Kallas became Estonia’s first female prime minister in early 2021 and her tenure didn’t start well. The country was in the middle of the COVID-19 pandemic and her cabinet struggled to get coherent messages across and right policies in place. She was perceived as lacking touch with reality and at some point, her approval rating was barely above 10 per cent, making her one of the most unpopular Estonian prime ministers in recent times.

But what she lacks in domestic policies, she makes up by representing her country in international affairs. Some local pundits have even commented that she would make a better foreign minister. During the recent crisis, when Russia first threatened and subsequently invaded Ukraine, Kallas has given a myriad of interviews to global outlets, such as CNN, BBC, FT, Der Spiegel, communicating not just Estonia’s but wider regional security concerns.

Kelly Sildaru

Kelly Sildaru won a bronze medal in women’s freeski slopestyle at Beijing 2022. Photo by Karli Saul for the Estonian Olympic Committee.

Kelly Sildaru started skiing when she was two and got into freestyle-skiing at the age of five. In 2016, Sildaru made free-skiing history, becoming the youngest athlete ever to win a gold medal at the Winter X Games, world’s leading extreme sports competition that take place annually in Aspen, Colorado, the United States. In 2017, she defended her title from 2016 and at 14, became the youngest to win two gold medals in the X Games.

An injury kept her from competing at the PyeongChang 2018 Olympic Winter Games, but she made her Olympic debut in Beijing 2022 and won a bronze in women’s freeski slopestyle.

Kersti Kaljulaid

Kersti Kaljulaid. Photo by Jake Farra studio.

Kersti Kaljulaid became the first Estonian female president in 2016, as well as the youngest – she was 46 at the time of her election. In 2017, she became the first Estonian to be featured in the Forbes magazine’s list of The World’s 100 Most Powerful Women, placed at 78th, and came 22nd among the most influential female political leaders.

Kaljulaid was not elected for the second term as the president – the governing coalition of the Reform Party and the Centre Party did not support her candidacy – but after leaving her post in October last year, she has carried on with active duties in different roles across the globe. Just recently, she was elected as a board member of the Security Innovation Board of the Munich Security Conference.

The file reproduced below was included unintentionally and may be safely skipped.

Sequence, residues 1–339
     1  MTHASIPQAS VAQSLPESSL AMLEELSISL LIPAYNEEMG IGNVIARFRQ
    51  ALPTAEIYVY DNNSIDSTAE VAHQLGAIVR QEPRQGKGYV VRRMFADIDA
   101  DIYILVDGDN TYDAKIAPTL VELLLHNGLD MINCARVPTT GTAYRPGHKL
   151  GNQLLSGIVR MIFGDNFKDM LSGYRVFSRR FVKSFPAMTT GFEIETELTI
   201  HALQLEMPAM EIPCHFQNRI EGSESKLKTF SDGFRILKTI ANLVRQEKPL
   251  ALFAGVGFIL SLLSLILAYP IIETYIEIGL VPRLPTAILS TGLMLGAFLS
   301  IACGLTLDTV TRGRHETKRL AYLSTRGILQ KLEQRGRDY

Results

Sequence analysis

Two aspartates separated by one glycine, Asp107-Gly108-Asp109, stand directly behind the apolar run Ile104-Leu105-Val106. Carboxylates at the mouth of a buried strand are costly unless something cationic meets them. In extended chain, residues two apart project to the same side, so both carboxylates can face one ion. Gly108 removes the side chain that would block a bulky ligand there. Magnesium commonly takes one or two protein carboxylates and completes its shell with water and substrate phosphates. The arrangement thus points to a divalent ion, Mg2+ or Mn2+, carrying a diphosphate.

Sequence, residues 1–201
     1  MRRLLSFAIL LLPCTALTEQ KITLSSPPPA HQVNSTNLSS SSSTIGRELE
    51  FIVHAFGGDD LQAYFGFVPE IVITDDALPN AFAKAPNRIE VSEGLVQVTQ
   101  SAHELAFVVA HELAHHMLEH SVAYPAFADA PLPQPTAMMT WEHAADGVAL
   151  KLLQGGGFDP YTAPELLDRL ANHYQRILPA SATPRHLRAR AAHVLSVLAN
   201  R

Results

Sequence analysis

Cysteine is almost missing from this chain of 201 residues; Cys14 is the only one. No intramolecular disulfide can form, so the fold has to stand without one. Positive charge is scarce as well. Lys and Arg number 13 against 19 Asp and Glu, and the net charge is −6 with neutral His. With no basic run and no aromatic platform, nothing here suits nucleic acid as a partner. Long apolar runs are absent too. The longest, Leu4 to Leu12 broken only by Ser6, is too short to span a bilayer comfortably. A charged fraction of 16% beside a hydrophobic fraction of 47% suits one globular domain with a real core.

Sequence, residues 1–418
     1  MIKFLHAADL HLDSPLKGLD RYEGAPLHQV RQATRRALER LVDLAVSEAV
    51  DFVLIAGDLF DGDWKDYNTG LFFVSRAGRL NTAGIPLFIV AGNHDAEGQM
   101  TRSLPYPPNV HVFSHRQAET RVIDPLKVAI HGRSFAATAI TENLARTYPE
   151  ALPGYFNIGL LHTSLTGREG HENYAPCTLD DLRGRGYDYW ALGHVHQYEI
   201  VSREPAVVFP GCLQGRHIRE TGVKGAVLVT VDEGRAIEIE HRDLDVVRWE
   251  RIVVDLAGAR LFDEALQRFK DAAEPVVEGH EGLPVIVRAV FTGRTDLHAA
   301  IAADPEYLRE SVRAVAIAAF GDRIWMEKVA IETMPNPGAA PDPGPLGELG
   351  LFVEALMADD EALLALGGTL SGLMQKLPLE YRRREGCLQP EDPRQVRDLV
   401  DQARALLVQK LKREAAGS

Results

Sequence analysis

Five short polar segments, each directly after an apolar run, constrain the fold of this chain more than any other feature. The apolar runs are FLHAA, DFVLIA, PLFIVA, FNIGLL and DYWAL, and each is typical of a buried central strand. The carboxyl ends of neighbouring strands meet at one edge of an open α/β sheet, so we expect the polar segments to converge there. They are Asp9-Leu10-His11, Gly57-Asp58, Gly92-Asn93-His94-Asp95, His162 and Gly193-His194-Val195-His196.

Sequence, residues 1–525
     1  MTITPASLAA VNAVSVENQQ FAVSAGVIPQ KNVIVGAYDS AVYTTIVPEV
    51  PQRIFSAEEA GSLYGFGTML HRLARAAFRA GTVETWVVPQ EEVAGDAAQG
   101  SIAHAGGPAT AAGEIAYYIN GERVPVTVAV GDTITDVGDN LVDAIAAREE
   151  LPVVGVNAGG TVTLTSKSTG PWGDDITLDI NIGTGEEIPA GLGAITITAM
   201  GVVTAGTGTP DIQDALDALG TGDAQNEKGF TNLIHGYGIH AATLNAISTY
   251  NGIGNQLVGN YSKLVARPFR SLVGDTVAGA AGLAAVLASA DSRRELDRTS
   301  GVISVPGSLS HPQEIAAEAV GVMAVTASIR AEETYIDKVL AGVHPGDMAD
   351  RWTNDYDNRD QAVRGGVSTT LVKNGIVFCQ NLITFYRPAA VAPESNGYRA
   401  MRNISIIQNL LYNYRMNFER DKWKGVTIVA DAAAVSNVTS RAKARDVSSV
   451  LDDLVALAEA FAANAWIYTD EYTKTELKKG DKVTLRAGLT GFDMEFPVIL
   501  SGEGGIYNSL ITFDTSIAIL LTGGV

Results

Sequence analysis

Kristiina Poska

Kristiina Poska. Photo by Kaupo Kikkas.

One of the busiest female conductors in the world, Kristiina Poska is the chief conductor of the Flanders Symphony Orchestra, one of Belgium’s leading orchestras. She is the first female conductor to be named to the post.

Engaging and energetic, Poska is admired by audiences and musicians alike. One of the classical reviewers once noted that “wherever young Kristiina Poska appears on the podium, she thrills and convinces with her exceptional musicality and her impressive, highly distinguished conducting”.

Tiina Intelmann

Tiina Intelmann. Photo by Sirli Raitma.

Tiina Intelmann, Estonia’s previous ambassador to the UK, is now heading the European Union’s delegation to Somalia, located in Eastern Africa.

The European Union is cooperating with organisations like the UN and the African Union to strengthen national structures and improve security in Somalia, helping the country fight piracy and terrorism. The EU is also an important development cooperation and humanitarian aid donor for Somalia.

The women’s épée team

The Estonian team of Irina Embrich, Katrina Lehis, Julia Beljajeva and Erika Kirpu took the women’s épée team gold. Photo by the Estonian Olympic Committee.

The Estonian team of Katrina Lehis, Julia Beljajeva, Erika Kirpu and Irina Embrich won the women’s épée team gold medal at the Tokyo Olympic Games last summer – Estonia’s first gold medal since Beijing 2008.

The Estonian women’s épée team had had outstanding results before, winning the silver medal at the World Fencing Championship in 2014 and gold at the World Fencing Championships in 2017. The épée is the largest and heaviest of the three weapons used in the sport of fencing.